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HIV Aids: The fight has just begun

 

If you're avoiding the HIV/AIDS issue because you're too scared to take the test, calm your fears by getting the facts and knowing your risk factors.

 

The truth: Black people can't afford to sleep on this issue. So, please make a plan to get tested and follow through on it today.

 

There was a time, not too long ago, when just the mention of the words HIV and AIDS caused fear and even hysteria in some people. This modern-day plague was something to be afraid of.

 

Many people died in a matter of weeks or months after receiving the diagnosis. Movies were made about the scourge. Magazines and newspapers regularly profiled women, men and children of all races and socio-economic statuses felled to the disease.

 

Oprah did shows about its consequences. Radio and television stations bombarded the public with public service announcements encouraging safe sex.

 

But now the urgency surrounding the disease appears to have almost disappeared. What happened?

 

Sure, we're still walking for a cure, buying condoms and praying for the end of this pandemic. However, our attention is mostly elsewhere. For example, activism on the issue has declined, so we seldom see protestors in the streets demanding more government funding for AIDS research.

 

Is it because people are living longer with the disease? Is it a result of AIDS education programs that are so widespread ? Do people think a cure is just around the corner so there's no need to worry? Or, is it just that folks got tired of living in fear?

 

All of these reasons play a role in our changing attitudes.

 

But this is not the time to get comfortable with the virus. After all, there's still no cure. HIV and AIDS are still ravaging populations throughout the world.

 

According to one study released at an international Aids conference, there'll be a decline in life expectancy in 51 countries in the next two decades as a result of AIDS.

 

This is without precedent in modern times. This will affect the economic and social development in these countries for years to come.

 

The global Black community cannot afford to be lackadaisical about this, especially since this disease disproportionately affects us. 

 

 

Black women comprise nearly two-thirds of all women who are HIV positive, according to the US Centers for Disease Control. And more than half of the 40,000 new HIV infections diagnosed each year in America are in African Americans, though we make up just 12 percent of the population.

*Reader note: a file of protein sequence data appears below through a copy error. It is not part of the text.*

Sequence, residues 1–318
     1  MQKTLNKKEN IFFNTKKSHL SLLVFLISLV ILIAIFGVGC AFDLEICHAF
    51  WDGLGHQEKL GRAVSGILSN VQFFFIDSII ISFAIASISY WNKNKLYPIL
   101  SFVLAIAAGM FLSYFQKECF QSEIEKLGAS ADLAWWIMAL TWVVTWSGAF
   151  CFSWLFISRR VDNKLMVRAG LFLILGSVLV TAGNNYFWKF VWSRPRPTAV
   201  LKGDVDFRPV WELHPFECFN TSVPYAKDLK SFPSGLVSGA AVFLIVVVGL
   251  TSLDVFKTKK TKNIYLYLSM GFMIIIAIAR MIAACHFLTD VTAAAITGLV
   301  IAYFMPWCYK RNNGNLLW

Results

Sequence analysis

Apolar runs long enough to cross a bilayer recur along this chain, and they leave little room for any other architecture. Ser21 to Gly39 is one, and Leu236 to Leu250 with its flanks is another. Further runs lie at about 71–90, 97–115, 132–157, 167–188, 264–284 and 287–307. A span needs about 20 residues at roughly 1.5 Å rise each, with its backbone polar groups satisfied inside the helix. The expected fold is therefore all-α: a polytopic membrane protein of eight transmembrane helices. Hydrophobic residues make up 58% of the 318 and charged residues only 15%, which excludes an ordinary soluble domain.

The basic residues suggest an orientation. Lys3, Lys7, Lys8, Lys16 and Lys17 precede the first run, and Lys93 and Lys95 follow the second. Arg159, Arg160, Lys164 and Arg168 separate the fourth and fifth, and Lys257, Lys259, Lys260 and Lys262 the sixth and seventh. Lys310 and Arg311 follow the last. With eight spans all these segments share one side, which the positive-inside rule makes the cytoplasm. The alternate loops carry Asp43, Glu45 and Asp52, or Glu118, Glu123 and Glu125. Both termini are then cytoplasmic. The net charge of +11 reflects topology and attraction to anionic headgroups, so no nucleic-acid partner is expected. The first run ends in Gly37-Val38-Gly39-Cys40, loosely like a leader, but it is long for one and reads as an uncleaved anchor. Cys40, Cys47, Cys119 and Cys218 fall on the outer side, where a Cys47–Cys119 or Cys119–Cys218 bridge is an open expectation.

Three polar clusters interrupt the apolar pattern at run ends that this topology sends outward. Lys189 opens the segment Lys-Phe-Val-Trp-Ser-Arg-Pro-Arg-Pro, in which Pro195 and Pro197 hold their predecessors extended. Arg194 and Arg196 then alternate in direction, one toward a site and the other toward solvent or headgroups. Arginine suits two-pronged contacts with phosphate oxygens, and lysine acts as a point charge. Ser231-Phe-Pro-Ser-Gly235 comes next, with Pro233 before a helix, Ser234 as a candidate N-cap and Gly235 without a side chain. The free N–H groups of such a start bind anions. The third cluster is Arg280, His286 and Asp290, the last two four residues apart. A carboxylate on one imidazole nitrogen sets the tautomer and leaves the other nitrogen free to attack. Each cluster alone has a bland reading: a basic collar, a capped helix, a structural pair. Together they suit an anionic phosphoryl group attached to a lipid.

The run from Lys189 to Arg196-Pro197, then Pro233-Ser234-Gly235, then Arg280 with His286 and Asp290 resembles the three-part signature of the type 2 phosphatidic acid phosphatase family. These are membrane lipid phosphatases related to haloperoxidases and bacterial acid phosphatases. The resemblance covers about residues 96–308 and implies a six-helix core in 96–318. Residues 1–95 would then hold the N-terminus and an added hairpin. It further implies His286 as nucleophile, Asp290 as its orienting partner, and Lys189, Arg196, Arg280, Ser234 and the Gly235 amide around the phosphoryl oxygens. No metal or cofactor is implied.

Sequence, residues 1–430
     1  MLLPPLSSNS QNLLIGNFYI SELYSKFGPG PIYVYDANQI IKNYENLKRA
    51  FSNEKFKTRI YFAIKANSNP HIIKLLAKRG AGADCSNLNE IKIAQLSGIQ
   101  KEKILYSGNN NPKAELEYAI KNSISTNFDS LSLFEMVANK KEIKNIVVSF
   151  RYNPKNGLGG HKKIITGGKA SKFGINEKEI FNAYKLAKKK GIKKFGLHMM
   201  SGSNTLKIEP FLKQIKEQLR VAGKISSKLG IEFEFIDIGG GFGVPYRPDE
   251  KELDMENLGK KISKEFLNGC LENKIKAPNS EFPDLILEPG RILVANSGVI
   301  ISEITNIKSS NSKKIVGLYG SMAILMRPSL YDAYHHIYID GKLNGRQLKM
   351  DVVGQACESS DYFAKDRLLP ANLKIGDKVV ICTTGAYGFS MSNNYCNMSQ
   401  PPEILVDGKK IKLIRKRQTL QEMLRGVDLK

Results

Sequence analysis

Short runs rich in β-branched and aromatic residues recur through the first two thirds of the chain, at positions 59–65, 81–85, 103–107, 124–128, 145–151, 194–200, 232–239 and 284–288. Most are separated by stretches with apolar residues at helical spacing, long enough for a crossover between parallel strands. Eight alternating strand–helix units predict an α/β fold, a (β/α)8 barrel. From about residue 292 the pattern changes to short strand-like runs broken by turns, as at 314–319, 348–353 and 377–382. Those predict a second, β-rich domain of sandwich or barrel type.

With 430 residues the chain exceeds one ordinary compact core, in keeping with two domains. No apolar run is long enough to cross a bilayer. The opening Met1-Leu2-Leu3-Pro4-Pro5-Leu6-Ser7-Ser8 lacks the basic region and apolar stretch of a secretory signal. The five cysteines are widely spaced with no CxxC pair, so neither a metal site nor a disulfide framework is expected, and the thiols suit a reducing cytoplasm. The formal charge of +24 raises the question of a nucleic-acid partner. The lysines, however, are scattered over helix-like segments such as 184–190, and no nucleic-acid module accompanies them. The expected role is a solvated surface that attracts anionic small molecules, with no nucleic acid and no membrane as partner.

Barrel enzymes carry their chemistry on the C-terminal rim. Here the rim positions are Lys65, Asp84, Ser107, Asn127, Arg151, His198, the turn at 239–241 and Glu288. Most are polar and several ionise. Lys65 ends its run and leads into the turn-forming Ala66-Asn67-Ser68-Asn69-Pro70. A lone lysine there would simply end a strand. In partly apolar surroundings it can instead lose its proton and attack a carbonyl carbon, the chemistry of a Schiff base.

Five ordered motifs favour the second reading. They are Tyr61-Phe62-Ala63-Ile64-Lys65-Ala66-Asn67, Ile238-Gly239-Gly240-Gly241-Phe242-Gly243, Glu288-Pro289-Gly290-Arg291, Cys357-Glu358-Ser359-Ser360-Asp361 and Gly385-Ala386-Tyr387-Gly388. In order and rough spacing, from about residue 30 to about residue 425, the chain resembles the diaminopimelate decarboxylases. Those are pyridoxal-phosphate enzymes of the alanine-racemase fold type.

Twenty-seven percent of all new HIV infections in the United States were acquired through heterosexual contact from 1994 through 2000. HIV diagnoses among heterosexuals grew by 10 percent in the last two years of that period. Of that percentage, the biggest growth has been among Black women, who accounted for more than half of all cases of HIV infection acquired heterosexually.

 

In the United Kingdom, where Blacks make up less than 5 per cent of the total population, the infection rates is 20 times that of the white community. The epidemic is more acute within the Black African communities in the UK, which account for the majority of all new heterosexual HIV infections.

Blacks in
Africa fair even worse. The average life expectancy in seven countries in sub-Saharan Africa is under 40 years. In Botswana, the hottest spot for AIDS, the life expectancy is now 39 years, instead of the 72 it would have been before the emergence of AIDS.

 

Nkosi Johnson, the brave South African HIV Aids campaigner,who died aged 12 symbolised HIV AIDS epidemic within the global Black community

 

More mind-boggling research funded by the U.S. Agency for International Development reveals that in countries such as Botswana, Zimbabwe, South Africa and Namibia more infants will die from HIV infection in 2010 than from all other causes.

 

There's no question that the effects of HIV and AIDS in our community and in the global village will be felt for generations. It's critical that everyone plays a role in helping to stop the transmission of the virus, increasing education efforts about the causes and effects of the disease and advocating for a cure that'll be accessible regardless of economic status.

 

So, should you still be worried about HIV and AIDS?

 

Yes. Should you be paralyzed into inaction and feelings of complacency? No. What can you do today, right now? A lot.

 

Get educated about the virus, the disease and the dire statistics of our community and of the world. Be unwavering about practicing safe sex. Stay involved in the political process because research dollars and funding are at stake.

 

And, most importantly, spread your knowledge to those you love and the friends you care about (and, if the inspiration hits you, whomever you feel will benefit from the information).

 

DeNita S.B Morris is with Black Women's Health Imperative, a leading African American health education, research, advocacy and leadership development charity.

 

With thanks to Black Women's Health Imperative, please see a medical expert if you or those around you are concerned about HIV AIDS. Your doctor and local Black organisations can provide discreet support and guidance.

 

Please e-mail comments to comments@thenewblackmagazine.com

 

 

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